Little Writer With Big Kick: L. N. Holmes’s Otherworldly Collisions

Renwick Berchild posted a lovely review of Space, Collisions over at the Nothing in Particular book blog. I’m so grateful for her honest thoughts and for the way she associated Madeleine L’Engle’s A Wrinkle in Time with my micro-chapbook. I am overjoyed! I hope you will check it out, dear readers.

Nothing In Particular

Like many with and before me, one of my first compelling reads as a youth was A Wrinkle in Time by Madeleine L’Engle. In the beginning chapters, there is a most enthralling moment – illustrated by an ant and a piece of string – where Mrs. Who, Mrs Which, and Mrs Whatsit explain how a clever loophole in time and space allows them to travel the universe.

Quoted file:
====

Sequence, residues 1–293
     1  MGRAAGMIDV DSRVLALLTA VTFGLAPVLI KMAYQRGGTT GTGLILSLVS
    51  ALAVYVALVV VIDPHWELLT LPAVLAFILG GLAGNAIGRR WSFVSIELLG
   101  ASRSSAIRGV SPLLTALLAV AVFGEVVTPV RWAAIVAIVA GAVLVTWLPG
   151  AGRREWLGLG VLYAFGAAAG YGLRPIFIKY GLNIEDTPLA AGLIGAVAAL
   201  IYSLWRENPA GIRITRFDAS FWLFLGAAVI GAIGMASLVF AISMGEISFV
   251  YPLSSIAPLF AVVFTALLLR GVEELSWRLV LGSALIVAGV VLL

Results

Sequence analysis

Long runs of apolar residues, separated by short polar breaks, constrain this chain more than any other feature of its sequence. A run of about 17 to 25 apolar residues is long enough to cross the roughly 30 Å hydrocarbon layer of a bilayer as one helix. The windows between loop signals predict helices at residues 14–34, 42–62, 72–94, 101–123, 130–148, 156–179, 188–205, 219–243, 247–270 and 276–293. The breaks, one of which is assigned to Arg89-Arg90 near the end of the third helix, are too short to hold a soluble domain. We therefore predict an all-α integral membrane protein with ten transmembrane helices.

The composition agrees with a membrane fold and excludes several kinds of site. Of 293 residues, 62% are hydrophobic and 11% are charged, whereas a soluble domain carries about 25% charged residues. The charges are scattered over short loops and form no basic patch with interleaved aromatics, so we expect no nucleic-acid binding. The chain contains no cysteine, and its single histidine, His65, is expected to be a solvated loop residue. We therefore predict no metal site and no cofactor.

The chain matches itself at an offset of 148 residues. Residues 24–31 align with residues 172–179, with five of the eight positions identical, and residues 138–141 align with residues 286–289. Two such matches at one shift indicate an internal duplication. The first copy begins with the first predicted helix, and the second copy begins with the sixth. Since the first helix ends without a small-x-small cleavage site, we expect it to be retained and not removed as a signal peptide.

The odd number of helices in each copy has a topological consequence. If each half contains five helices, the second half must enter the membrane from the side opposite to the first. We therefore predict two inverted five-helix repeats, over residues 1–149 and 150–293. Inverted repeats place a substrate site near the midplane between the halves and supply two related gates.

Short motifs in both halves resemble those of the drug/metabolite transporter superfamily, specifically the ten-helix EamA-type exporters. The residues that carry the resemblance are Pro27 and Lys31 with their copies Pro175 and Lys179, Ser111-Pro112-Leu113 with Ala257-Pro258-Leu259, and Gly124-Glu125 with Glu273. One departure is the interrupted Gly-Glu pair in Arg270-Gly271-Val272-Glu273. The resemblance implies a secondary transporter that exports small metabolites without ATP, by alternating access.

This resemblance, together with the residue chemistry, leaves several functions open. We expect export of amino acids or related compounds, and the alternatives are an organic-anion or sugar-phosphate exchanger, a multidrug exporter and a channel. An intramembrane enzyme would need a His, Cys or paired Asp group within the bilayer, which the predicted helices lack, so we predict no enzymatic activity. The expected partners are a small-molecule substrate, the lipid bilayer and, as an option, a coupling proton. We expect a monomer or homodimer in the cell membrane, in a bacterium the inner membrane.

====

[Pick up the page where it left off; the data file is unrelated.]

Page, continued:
A Wrinkle in Time_ant Illustration of ‘the wrinkle’ – Source: A Wrinkle in Time

We know it as “the tesseract”, or, “the fifth dimension”. In reality i.e. geometry, a tesseract is the four-dimensional analogue of the cube, consisting of 8 cells, 24 faces, 32 edges, and 16 vertices. It is, in short, a cubic prism. But at this explanation, the tesseract looses its mystique and magic. In the book we understand the tesseract only as this: The way to bridge the gap between worlds.

In reading L…

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